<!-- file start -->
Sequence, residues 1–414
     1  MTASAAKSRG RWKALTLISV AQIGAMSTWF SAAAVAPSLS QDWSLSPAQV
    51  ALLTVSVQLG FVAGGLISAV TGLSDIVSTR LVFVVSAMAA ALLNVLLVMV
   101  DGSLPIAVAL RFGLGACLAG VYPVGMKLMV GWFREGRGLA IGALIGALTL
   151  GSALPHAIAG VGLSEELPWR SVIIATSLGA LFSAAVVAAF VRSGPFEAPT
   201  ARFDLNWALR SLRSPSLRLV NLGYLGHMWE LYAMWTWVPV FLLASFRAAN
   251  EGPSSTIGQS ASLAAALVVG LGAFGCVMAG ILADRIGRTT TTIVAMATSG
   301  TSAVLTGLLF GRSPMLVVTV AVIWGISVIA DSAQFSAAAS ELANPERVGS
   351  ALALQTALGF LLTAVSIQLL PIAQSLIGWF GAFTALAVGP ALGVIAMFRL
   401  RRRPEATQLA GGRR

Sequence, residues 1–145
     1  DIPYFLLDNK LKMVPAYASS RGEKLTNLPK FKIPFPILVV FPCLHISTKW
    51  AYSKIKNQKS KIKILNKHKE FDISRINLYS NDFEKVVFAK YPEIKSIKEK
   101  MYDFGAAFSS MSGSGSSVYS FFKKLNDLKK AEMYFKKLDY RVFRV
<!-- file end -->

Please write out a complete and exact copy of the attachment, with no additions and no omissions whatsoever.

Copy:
Sequence, residues 1–414
     1  MTASAAKSRG RWKALTLISV AQIGAMSTWF SAAAVAPSLS QDWSLSPAQV
    51  ALLTVSVQLG FVAGGLISAV TGLSDIVSTR LVFVVSAMAA ALLNVLLVMV
   101  DGSLPIAVAL RFGLGACLAG VYPVGMKLMV GWFREGRGLA IGALIGALTL
   151  GSALPHAIAG VGLSEELPWR SVIIATSLGA LFSAAVVAAF VRSGPFEAPT
   201  ARFDLNWALR SLRSPSLRLV NLGYLGHMWE LYAMWTWVPV FLLASFRAAN
   251  EGPSSTIGQS ASLAAALVVG LGAFGCVMAG ILADRIGRTT TTIVAMATSG
   301  TSAVLTGLLF GRSPMLVVTV AVIWGISVIA DSAQFSAAAS ELANPERVGS
   351  ALALQTALGF LLTAVSIQLL PIAQSLIGWF GAFTALAVGP ALGVIAMFRL
   401  RRRPEATQLA GGRR

Sequence, residues 1–145
     1  DIPYFLLDNK LKMVPAYASS RGEKLTNLPK FKIPFPILVV FPCLHISTKW
    51  AYSKIKNQKS KIKILNKHKE FDISRINLYS NDFEKVVFAK YPEIKSIKEK
   101  MYDFGAAFSS MSGSGSSVYS FFKKLNDLKK AEMYFKKLDY RVFRV